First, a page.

Exhibition organizer Amanda N. Bock, The Lynne and Harold Honickman Assistant Curator of Photographs, said: “While Smith may seem shy personally, his art is candid, intimate, delightfully irreverent, and transgressive. To share a large body of his work with the public is an exciting and rare opportunity, and it underscores our commitment to showing provocative work by living artists.”

Keith Smith, At Home, Philadelphia Museum of ArtAatis with his arm on his hip, August 30, 1973, by Keith Smith, American, b. 1938. Postcard: pen and ink, graphite, and colored ink washes on gelatin silver print, machine stitched to secondary support. Courtesy of Keith Smith. © Keith Smith.

About Keith Smith (born 1938, Indiana)

Smith’s reluctance to categorize his work established him as a rogue member of both the photography and printmaking departments at the School of the Art Institute of Chicago, where he graduated in 1967. His works are often radical departures from conventional books, and may unfold, light up, hang on the wall or in a corner, or be constructed of pencils or the shirt off the artist’s own back. Certain themes-friendship, love, desire, intimacy, and domesticity- recur. He has made over 300 artist’s books and over half a dozen seminal instructional manuals on bookbinding.

Keith Smith, At Home, Philadelphia Museum of ArtPeeled, August 30, 1973, by Keith Smith, American, b. 1938. Postcard: graphite and colored ink washes on gelatin silver print, machine stitched to secondary support. Courtesy of Keith Smith. © Keith Smith.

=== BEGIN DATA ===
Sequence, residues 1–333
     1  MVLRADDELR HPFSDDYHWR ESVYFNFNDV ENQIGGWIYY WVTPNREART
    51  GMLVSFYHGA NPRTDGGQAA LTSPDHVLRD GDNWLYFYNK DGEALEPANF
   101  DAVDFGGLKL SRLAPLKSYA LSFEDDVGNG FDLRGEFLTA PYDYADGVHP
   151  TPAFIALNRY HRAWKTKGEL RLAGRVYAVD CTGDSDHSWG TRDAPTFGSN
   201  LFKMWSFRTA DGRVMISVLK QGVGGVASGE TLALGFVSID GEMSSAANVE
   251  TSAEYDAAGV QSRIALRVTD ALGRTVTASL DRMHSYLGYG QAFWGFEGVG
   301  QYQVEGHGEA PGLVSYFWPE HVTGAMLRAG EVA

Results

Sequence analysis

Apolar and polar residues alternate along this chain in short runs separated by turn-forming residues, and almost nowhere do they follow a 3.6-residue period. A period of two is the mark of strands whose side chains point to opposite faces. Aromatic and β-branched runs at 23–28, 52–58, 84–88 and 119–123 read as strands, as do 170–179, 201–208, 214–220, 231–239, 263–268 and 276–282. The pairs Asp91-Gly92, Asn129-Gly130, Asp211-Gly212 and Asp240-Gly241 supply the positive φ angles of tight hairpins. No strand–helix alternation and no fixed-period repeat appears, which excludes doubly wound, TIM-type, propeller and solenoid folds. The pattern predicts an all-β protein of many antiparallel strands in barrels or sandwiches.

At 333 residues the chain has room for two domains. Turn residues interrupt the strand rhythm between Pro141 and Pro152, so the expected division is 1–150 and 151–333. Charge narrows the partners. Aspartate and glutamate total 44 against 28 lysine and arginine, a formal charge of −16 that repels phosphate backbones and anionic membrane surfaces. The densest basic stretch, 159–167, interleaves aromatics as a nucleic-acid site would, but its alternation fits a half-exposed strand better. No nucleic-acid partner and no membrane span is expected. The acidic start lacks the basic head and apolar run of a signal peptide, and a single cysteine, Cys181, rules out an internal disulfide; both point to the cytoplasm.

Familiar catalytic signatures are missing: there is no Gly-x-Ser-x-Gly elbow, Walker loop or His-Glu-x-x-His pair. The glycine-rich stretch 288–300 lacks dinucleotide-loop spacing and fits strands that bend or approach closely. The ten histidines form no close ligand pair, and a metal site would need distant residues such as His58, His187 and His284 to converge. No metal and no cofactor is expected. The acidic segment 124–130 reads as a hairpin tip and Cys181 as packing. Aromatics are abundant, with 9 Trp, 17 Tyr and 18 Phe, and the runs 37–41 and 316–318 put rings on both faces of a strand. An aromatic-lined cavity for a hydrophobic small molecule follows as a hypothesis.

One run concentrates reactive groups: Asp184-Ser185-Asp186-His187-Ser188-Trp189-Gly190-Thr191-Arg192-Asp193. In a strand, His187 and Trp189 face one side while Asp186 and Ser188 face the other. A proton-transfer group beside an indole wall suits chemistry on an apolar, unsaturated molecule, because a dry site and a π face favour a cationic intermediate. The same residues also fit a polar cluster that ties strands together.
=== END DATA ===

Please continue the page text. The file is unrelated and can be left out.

Smith’s work is represented in leading public and private collections, including the Art Institute of Chicago; the Museum of Fine Arts, Houston; the Museum of Modern Art, New York; the San Francisco Museum of Modern Art; the Los Angeles County Museum of Art; the Center for Creative Photography, Tucson; the Nelson-Atkins Museum; the George Eastman Museum, Rochester; the Victoria and Albert Museum, London; and the Philadelphia Museum of Art. He is the recipient of two Guggenheim Fellowships (1972 and 1980) and a National Endowment for the Arts Fellowship (1978), and has taught at the Art Institute of Chicago and the Visual Studies Workshop, Rochester.

Keith Smith at Home, Philadelphia Museum of ArtBook Number 91, a string book, 1982, by Keith Smith, American, b. 1938. Artist’s book with cut outs, punched holes, and string. Courtesy of Keith Smith and Philip Zimmermann.

Public Programs

Representing Queerness
Sunday, March 4 | 2:30 p.m. | Perelman Building
Community Conversations open discussions about socially relevant topics.
Included in Pay What You Wish admission.

Bookmaking Workshops
Saturdays, March 17, April 21, and May 5 | 1:30-4:30 p.m. | Perelman Building
Each session includes a tour of Keith Smith at Home with the exhibition curator.
Each workshop: $20 ($16 members); includes Perelman Building admission

Curator
Amanda N. Bock, The Lynne and Harold Honickman Assistant Curator of Photographs

Exhibition Location
Julian Levy Gallery, Ruth and Raymond G. Perelman Building
Installation Location, Library, Second Floor, Ruth and Raymond G. Perelman Building

Support
Support for this exhibition was provided by The Robert Mapplethorpe Foundation.

Social Media
Twitter/Facebook/Instagram/Tumblr/YouTube: @philamuseum

We are Philadelphia’s art museum. A landmark building. A world-renowned collection. A place that welcomes everyone. We bring the arts to life, inspiring visitors-through scholarly study and creative play-to discover the spirit of imagination that lies in everyone. We connect people with the arts in rich and varied ways, making the experience of the Museum surprising, lively, and always memorable. We are committed to inviting visitors to see the world-and themselves-anew through the beauty and expressive power of the arts.

The Philadelphia Museum of Art is located on the Benjamin Franklin Parkway at 26th Street.

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Book 91- String Book; by Keith Smith (1984)